Links advises PwC in Lehman administration

Linklaters has bagged the instruction advising four PricewaterhouseCoopers partners on the administration of Lehman Brothers.


Links advises PwC in Lehman administrationLinklaters has bagged the instruction advising four PricewaterhouseCoopers (PwC) partners on the administration of Lehman Brothers International Europe.

New York-based Weil Gotshal & Manges is handling Lehman’s Chapter 11 bankruptcy filing in the USA, led by partner Harvey Miller.

The deal is being led by Linklaters head of restructuring and insolvency Tony Bugg (pictured) and restructuring partner Richard Holden, and corporate partners Matthew Middleditch and David Ereira.

It is understood that most banks are also seeking advice from their legal advisers on their position in the collapse of Lehman Brothers.

Of particular interest is whether other banks can terminate various credit derivative contracts, to which Lehman Bros is acting as a counter-party. Lehman is the seventh largest derivatives counter party, according to a survey by financial ratings agency Fitch ratings last year.

Lehman Brothers, the principal UK trading company in the Lehman group, was placed into administration this morning, together with three other group companies.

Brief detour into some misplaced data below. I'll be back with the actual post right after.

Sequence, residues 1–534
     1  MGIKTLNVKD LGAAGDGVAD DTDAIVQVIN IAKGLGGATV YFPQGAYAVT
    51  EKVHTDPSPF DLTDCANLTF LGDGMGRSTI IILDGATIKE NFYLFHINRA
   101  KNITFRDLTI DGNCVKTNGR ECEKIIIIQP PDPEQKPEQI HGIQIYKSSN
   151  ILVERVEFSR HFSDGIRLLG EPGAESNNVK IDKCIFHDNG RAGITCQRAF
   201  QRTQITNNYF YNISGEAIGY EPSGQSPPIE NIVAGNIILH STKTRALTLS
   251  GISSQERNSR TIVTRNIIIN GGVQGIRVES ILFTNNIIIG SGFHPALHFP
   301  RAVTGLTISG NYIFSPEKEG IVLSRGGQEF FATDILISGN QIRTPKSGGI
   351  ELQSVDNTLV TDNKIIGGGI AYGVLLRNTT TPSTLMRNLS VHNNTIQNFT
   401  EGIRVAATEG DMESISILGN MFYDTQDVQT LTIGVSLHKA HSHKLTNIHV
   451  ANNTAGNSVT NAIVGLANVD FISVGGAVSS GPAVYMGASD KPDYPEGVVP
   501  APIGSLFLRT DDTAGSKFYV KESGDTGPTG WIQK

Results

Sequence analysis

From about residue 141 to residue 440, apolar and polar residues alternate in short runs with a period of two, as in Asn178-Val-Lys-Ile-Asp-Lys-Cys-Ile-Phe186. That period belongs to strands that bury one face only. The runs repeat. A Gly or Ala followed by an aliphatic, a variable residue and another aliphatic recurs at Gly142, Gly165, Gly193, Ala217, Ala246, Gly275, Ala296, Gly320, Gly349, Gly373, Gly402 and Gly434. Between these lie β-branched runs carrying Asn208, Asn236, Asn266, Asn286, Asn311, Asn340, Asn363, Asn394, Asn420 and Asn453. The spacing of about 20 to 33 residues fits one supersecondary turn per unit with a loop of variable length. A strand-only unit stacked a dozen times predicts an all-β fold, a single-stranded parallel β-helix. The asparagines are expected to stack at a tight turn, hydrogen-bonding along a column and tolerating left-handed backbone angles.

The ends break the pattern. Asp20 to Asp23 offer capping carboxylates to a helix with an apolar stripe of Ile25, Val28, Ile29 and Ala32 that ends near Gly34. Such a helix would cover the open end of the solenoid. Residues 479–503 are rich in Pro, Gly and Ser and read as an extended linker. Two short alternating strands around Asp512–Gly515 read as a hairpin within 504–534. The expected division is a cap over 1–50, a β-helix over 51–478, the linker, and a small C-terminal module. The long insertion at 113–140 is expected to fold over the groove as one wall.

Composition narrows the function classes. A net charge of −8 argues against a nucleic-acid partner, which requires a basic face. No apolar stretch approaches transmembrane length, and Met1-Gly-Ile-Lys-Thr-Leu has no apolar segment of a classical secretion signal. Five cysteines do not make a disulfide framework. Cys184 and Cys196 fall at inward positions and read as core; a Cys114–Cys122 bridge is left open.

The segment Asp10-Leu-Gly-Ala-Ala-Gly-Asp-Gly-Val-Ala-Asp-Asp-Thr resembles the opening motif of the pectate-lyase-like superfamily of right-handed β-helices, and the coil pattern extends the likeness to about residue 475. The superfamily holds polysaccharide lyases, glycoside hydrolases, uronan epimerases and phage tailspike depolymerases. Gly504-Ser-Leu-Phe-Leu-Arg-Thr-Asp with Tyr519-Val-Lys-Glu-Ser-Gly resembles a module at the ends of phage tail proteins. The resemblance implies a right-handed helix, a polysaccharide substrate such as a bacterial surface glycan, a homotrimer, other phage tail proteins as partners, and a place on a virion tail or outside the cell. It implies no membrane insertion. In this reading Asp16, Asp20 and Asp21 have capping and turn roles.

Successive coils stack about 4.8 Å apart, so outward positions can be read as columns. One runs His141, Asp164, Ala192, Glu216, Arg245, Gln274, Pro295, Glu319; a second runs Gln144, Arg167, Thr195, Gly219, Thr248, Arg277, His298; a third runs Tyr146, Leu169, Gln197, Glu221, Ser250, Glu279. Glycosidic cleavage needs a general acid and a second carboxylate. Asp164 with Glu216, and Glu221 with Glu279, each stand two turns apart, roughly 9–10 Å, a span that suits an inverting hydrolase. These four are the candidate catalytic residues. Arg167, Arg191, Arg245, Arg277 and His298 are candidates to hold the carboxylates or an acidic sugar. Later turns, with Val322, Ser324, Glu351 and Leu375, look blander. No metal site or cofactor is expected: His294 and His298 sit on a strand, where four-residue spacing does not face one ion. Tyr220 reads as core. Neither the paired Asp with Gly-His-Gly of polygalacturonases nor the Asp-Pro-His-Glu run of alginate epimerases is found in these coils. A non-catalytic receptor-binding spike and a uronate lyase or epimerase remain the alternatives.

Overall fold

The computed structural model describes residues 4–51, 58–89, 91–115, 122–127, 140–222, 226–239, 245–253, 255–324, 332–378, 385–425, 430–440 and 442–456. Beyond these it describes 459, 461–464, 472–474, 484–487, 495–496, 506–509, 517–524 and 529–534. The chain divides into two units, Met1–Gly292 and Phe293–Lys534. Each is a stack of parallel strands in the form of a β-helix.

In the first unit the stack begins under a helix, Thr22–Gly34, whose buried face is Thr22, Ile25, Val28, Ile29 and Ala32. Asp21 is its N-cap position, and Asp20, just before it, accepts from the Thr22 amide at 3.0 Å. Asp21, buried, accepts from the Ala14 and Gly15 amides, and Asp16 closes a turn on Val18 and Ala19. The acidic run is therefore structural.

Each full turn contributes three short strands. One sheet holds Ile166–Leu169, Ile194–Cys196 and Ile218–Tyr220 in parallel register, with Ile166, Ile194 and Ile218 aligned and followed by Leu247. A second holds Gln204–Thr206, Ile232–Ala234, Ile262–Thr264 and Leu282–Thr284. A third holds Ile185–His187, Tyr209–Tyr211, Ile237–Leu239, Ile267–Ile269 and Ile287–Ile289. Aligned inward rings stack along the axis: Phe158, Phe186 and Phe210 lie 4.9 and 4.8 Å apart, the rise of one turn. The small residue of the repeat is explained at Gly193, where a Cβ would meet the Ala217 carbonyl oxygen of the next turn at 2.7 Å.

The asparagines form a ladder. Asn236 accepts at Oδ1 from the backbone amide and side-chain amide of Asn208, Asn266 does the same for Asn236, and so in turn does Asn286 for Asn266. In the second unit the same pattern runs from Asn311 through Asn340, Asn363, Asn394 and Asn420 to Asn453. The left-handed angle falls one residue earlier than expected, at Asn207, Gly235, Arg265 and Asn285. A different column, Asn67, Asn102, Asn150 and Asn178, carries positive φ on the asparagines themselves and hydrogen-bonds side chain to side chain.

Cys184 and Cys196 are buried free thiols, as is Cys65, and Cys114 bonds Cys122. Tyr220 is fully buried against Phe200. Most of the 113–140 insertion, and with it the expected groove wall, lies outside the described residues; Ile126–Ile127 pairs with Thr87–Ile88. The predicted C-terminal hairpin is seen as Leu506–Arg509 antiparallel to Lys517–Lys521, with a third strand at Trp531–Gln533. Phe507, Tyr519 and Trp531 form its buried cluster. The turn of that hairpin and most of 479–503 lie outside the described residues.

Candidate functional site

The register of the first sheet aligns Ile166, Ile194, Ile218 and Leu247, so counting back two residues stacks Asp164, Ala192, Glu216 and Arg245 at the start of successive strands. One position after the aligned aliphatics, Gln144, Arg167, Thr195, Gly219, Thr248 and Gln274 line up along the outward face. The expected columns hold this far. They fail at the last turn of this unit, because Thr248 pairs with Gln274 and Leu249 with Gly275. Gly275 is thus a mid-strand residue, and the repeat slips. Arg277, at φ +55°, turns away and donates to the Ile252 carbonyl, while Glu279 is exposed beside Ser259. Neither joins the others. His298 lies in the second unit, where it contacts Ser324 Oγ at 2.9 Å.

PwC partners Mike Jervis, Tony Lomas, Steven Pearson and Dan Schwarzmann PwC have been appointed as joint administrators to wind down the business.

The fall of Lehman Brothers comes just six months after the bank extended its UK panel to include Simmons & Simmons. Other panel firms likely to be hit include Allen & Overy, Lovells, Ashurst, Freshfields Bruckhaus Deringer, Linklaters and Weil Gotshal & Manges.

One partner at a City firm said: “These are uncertain times we’re living in – I think you get certain seminal days in your career, like 9/11 or the Big Bang. Today in shock terms is huge, seeing a bank like Lehman go under.”

The Bank of England has drafted in the restructuring team at Freshfields Bruckhaus Deringer to advise on the UK regulatory aspects of the deal, while Lovells has taken the lead for the Financial Services Authority.

For more on this story, see our Wall St woes blog.